Next we'll be looking at the larger design decisions of the game and how they impacted the final version of the game. 

Apr 7, 2017

Nevera Wars Card Design Decisions

I am very proud to show the final design for the cards for Nevera Wars, my necromancer themed deck construction game. Layout by Scott Nicely and Illustrations by Matheus Graef. I'm going to spend some time talking about some of the design decisions on the cards and the reasons behind them. If you want to hear me speak about art you can also check out this presentation I gave in March 2017 at the Museum of Art and Digital Entertainment with advice on working with freelance artists.

The vast majority of the illustrations for Nevera Wars are of bipedal creatures who are taller than they are wide, and so it made sense to me to have tall illustrations that go almost the whole height of the card, instead of the more traditional short and fat illustrations. I always wanted the illustrations to be a big area of engagement for the game, and so I wanted to give a great deal of space for them to breathe. I wanted the illustrations to do a lot of world-building for Nevera and I believe I have struck a good balance with how much of the card they take to do that.

The abilities of each minion are aligned on the left of the card so that when the cards in the player's hand are fanned out, all of the abilities will be visible to the player. Each minion has four abilities to give the player a range of options for their turn, but also to ensure that all cards are competitive.
The order of the abilities is generally a physical attack, a magical attack, a buff, and a debuff. This means the players will generally be focused on the top two abilities and will check out the bottom two when they need a strategic option.

Each ability has a title, which is not necessary for every game, however for Nevera wars all the minions take their abilities from a common pool of abilities. This means that players can gain familiarity with abilities over time by associating them with their names and gives an extra thematic boost to the minions and what they are capable of.

There are very few icons used to support the ability text, a total of four to be exact. Plus two other icons on the card to denote specific information. With four abilities on each card it was important for the learning curve of players that very few icons exist within the game to take the pressure off of the player's memory.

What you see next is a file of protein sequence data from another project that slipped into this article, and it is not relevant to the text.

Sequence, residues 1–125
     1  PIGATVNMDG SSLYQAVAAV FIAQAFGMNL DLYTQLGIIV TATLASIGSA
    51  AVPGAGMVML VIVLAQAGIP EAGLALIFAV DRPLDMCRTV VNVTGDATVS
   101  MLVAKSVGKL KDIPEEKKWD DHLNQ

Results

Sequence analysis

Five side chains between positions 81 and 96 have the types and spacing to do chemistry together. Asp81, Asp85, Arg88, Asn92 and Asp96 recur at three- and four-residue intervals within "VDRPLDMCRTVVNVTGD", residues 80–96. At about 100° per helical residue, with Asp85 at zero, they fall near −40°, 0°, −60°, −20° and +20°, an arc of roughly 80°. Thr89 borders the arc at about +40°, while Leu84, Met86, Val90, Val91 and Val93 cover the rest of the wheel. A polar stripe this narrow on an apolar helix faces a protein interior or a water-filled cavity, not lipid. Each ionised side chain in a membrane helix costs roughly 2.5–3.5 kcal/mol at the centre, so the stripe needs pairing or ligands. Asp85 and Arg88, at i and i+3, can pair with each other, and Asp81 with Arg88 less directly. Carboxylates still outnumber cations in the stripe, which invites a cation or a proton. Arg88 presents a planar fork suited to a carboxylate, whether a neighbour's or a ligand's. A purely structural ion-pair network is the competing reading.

The simplicity of the icons was also very important, that they be easy to see and be black and white. Partly so they do not overpower the illustration, but also so that players with sight challenges can easily determine them. The icons utilized resources from the wonderful websitegame-icons.net and were chosen to be as intuitive as possible. Icons are an element where it is completely okay to be unoriginal in service to their purpose.

The messy outer border was chosen to add to the necromantic theme, and also to make small printing edge errors less noticeable. The color of the border also indicates the type of minion. There is no green border as that would appear too conflicting with the necromantic theme.

The semi-opaque backing to the abilities allows the text to be read easily but also to showcase more of the illustration, sometimes with some fun world-building or setting features.  When getting caught up in the excitement of illustrations it is sometimes easy to forget that the information is the most important element of the card, and that needs to be the highest priority on the card.

Want tips and advice when working with freelance artists? Check out my presentation here. 

Apr 3, 2017

Presentation on Working With Artists

In March of 2017 I gave a presentation on Working With Artists at the Museum of Art and Digital Entertainment in Oakland, for the Bay Area Tabletop Developers group.

I have worked with over 15 freelance artists on various projects including logos, graphic design, comic books, video games and board games. I am very appreciative for the opportunity to share my experiences and advice.

It was a great experience, a lot of fun, and it received some wonderful feedback. You can see the whole talk here, split into four topics...

Project: Best practices for how and when to incorporate an artist into a project.

Language: Some useful terminology and how language can impact a project.

Direction: Your role and responsibility as an art director.

Relationship: General reminders and tips for a good working relationship.

Special thanks to Eliot Miller for recording, editing and uploading the video.

Artwork by Marek Jarocki